Nfld. & Labrador

Nain woman shoots polar bear for the first time

After scoring a rare hunting license, a woman in Nain braved the harsh cold earlier this week to track down and bag her first polar bear.
Beni Andersen had one of three available polar bear hunting licenses that were issued for Nain. (Submitted )

After scoring a rare hunting license, a woman in Nain braved the harsh cold earlier this week to track down and bag her first polar bear. 

Beni Andersen has lived in Nain all her life but says she had only seen a polar bear once before — that was earlier this summer.

Andersen was accompanied by her boyfriend and her brother, Edward, on the hunting trip. Each year the Nunatsiavut Government gets a dozen polar bear licenses — just three go to Nain.

A lot of people dream their whole life about getting a polar bear and I just got to do it.- Beni Andersen, Nain hunter 

"At one point, the bear came down from the hill and it was looking down on us like it was ready to charge and that was kind of freaky," Andersen told CBC Radio's Labrador Morning.

Andersen said the bear was relatively small in size but its clean, white coat immediately caught the group's attention.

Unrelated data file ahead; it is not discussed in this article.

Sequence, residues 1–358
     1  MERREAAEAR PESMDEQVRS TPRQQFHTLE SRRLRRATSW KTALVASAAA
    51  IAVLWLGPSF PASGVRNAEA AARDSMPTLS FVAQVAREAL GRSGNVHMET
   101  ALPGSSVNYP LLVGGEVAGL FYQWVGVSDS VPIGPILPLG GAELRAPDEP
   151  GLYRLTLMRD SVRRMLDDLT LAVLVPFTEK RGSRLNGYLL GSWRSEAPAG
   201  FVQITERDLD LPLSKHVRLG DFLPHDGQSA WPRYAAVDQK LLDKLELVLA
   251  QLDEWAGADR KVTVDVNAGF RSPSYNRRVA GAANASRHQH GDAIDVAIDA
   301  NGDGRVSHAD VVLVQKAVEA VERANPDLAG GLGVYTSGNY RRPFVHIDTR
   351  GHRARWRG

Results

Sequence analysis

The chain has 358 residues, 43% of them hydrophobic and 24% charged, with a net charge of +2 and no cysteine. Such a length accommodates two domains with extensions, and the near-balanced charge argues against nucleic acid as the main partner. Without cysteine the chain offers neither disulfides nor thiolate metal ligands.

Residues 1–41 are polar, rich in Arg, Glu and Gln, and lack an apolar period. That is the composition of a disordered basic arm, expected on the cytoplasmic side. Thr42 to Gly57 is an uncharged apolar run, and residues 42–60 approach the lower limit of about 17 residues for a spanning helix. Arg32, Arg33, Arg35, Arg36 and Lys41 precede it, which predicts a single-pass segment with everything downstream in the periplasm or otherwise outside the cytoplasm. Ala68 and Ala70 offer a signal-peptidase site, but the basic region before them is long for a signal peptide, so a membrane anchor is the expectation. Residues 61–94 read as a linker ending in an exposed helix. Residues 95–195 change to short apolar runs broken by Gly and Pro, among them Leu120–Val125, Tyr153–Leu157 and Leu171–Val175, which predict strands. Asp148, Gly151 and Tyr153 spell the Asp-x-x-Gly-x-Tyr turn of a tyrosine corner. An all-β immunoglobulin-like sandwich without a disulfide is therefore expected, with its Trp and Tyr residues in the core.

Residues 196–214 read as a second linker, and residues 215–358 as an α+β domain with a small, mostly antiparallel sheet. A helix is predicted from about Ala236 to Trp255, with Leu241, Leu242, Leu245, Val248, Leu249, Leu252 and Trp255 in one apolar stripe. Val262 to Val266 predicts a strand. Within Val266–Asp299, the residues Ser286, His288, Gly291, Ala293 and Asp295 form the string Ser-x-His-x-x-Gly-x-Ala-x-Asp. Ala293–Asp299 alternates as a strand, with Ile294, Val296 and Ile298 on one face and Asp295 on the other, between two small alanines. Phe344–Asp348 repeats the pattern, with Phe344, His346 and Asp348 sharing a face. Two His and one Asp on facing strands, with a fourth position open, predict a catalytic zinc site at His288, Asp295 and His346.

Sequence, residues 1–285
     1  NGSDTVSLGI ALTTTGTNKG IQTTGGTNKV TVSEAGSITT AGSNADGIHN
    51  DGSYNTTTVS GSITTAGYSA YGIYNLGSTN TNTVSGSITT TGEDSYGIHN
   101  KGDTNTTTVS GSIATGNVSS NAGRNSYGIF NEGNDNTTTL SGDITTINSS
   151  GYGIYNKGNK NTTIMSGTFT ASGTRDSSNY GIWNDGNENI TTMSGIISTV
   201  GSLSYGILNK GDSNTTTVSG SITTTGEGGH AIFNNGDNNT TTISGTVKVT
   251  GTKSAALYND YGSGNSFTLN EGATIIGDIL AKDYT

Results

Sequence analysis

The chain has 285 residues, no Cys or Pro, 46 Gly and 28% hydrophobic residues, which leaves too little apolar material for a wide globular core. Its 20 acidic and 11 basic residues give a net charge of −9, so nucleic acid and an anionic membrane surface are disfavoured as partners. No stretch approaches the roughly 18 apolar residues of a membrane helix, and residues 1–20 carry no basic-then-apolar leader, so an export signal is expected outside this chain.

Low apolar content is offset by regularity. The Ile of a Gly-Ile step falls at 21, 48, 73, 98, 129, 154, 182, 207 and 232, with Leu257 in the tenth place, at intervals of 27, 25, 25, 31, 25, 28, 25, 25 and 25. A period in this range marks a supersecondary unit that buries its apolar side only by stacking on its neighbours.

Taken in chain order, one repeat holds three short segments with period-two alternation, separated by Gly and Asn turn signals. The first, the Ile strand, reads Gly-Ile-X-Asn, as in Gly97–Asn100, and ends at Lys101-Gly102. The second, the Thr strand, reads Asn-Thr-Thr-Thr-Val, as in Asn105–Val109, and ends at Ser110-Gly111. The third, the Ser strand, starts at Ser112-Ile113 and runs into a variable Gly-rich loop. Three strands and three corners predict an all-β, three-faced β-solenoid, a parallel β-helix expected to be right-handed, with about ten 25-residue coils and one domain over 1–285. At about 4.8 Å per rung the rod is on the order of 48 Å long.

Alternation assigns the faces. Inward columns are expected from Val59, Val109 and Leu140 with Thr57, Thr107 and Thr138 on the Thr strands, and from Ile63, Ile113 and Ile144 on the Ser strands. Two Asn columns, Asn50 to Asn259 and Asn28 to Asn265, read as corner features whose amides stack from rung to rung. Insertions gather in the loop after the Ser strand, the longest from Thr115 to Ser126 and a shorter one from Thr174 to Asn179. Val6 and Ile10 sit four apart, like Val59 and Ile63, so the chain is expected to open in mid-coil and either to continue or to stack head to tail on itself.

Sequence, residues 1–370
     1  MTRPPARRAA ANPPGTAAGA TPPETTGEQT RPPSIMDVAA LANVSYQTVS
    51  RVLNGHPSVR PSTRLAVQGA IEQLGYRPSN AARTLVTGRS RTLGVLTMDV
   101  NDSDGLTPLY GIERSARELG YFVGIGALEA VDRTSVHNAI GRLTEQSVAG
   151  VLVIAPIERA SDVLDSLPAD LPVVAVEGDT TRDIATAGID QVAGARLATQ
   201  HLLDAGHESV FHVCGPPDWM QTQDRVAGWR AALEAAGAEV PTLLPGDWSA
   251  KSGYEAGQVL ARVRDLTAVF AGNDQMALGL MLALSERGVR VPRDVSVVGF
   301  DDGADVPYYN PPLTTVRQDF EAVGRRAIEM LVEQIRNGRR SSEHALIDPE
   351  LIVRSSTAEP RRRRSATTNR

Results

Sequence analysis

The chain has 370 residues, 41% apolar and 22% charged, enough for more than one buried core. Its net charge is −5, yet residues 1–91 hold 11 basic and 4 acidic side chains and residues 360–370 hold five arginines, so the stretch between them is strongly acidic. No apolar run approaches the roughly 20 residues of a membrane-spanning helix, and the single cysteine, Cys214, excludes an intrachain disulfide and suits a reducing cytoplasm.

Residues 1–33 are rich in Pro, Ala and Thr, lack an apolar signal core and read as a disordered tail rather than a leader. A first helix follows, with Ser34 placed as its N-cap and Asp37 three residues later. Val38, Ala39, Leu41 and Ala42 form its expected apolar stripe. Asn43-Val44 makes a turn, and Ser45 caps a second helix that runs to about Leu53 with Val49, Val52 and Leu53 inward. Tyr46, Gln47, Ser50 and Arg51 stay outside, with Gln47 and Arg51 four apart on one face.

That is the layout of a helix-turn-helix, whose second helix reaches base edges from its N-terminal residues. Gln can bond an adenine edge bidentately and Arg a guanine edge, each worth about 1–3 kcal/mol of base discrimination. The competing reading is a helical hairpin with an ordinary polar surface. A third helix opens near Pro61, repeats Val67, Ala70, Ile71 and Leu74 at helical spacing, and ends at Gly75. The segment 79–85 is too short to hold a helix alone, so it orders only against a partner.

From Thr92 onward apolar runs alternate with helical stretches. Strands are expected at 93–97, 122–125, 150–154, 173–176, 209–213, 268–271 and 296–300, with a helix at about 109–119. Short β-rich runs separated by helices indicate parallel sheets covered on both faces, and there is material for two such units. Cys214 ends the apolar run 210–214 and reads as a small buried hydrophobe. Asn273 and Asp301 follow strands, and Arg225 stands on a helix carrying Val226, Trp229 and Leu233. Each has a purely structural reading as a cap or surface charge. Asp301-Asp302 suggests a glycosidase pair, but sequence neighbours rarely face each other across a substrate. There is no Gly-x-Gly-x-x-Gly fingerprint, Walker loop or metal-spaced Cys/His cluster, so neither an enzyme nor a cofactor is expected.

She and her boyfriend approached the bear on snowmobile in an attempt to corner the animal while Andersen's brother prepared the gun.

"We went to go check on Edward because he was the one loading the gun for me ... and he said there's ice stuck in the gun," Andersen said. 

By the time the group had fixed the firearm, the bear was gone. 

"God, it moved fast ... We were another 15 minutes tracking it in rough, rough ice. And then we finally seen it and it was like, 'Oh my god,'" she said.

Andersen quickly took aim and pulled the trigger. "It ran probably 20 yards and fell down and died," she said. "And I felt so bad — 'I can't believe I just did that.'"

Initially, Andersen said she was scared to approach the bear but eventually went over and apologized to the animal for shooting it. 

The ride home was painful. After spending more than six hours in the harsh cold, Andersen had major frostbite on her face as well as her leg. 

Despite the discomfort, Andersen said it was a once-in-a-lifetime experience. "A lot of people dream their whole life about getting a polar bear and I just got to do it," she said.

Andersen said the bear meat will go in the community freezer and the skin will be sold. She plans to keep the skull as a souvenir.

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